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To The Editor:
On Tuesday, September 9, Waitsfield voters will get another opportunity to express their opinions on the town's proposal to issue a $7,590,000 bond, which if approved, will be used to fund a project to supply water to homes and businesses located along Route 100.
According to the town's web site, there are somewhere around 150 properties that will benefit directly from this project.
That seems like an awfully large investment, about $50,000 per property in the service area.
Understand that the town has already spent $1.1 million on engineering fees and other costs associated with planning this project. But this expenditure is not an argument for passing this bond issue now, or at any other time. Even if we recognize that close to $3.6 million in grants could be available to the town, if the bond passes, that still means that the town's taxpayers will be on the hook for almost $4 million. The portion of the bond not covered by grants will have to be repaid by the town, as will any loans that the town may have to take out to complete the project.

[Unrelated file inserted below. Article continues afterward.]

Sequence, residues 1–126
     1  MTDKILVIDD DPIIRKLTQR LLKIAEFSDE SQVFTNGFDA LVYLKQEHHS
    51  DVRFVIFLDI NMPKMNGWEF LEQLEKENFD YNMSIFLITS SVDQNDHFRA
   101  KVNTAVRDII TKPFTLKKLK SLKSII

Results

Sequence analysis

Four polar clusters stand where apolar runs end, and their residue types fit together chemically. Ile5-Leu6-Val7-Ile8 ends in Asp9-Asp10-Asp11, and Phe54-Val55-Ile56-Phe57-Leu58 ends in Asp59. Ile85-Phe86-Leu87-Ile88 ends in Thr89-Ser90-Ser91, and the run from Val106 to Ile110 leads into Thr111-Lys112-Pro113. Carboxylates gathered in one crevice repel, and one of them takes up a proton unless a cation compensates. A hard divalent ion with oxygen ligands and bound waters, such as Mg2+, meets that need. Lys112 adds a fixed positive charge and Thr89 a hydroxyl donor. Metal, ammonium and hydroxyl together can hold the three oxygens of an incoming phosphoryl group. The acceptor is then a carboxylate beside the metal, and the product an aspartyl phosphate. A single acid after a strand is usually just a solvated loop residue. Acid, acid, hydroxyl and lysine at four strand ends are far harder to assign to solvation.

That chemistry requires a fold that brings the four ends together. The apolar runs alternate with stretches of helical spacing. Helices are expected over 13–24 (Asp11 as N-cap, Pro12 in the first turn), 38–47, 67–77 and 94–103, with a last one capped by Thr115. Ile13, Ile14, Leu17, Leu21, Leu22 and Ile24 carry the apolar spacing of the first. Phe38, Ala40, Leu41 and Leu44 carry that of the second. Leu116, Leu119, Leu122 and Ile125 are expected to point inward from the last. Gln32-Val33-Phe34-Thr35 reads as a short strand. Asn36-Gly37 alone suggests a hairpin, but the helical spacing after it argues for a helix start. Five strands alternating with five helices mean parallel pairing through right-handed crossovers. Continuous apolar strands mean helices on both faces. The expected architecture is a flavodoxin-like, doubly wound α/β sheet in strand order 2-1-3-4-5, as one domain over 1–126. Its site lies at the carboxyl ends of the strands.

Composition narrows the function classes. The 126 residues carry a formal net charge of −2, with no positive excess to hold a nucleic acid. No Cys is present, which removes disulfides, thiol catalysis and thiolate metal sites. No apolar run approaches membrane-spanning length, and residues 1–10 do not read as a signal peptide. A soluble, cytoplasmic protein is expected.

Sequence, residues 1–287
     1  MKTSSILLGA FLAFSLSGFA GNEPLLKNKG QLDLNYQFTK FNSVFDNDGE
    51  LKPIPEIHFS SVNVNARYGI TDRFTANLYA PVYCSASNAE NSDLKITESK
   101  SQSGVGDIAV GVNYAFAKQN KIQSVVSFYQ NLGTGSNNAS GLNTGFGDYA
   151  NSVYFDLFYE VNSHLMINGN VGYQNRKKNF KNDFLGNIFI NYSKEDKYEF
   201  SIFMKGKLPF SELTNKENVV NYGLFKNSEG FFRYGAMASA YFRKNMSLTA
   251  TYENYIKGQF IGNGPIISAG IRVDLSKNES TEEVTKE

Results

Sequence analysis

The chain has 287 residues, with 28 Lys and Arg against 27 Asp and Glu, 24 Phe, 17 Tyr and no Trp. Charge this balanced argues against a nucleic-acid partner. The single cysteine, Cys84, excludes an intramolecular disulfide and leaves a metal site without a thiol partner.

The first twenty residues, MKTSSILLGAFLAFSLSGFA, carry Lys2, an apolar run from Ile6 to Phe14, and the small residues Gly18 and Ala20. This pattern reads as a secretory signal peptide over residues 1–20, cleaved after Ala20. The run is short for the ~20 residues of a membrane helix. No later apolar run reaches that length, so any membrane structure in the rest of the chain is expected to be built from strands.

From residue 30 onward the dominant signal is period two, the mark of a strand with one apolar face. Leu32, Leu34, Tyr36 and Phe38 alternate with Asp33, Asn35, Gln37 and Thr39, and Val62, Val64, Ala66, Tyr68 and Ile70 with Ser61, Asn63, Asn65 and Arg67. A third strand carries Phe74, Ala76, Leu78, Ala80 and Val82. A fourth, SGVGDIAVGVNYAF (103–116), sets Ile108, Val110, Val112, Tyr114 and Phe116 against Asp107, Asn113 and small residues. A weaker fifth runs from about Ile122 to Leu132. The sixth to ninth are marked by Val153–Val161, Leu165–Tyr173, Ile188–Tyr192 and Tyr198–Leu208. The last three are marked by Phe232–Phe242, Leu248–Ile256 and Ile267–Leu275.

Our tax dollars will be making those payments.
When the town presented this at Town Meeting, it failed, largely because voters were reluctant to commit to such a large expenditure at that time. They voted the same way in June when it was brought up then for consideration. Has anything really changed between March and September that would make a bond issue in excess of $7.5 million a good idea for the town to undertake at this time?
This wasn't realistic fiscal policy six months ago and it's not a practical program today either.
Editor's Note: The $3.6 million in USDA grants/loans that are available for this project specifically prohibit repayment by the entire town and rather, require that only users pay the debt service on the project. There are potentially 400 users (equivalent residential units) in the town. If all 400 hook up, the estimated annual debt service costs would be $470 per user, according to the town's website. If half that number of users hook up, presumably the annual debt service costs would double to $940. Those costs will accrue to users only, not taxpayers who do not use the system.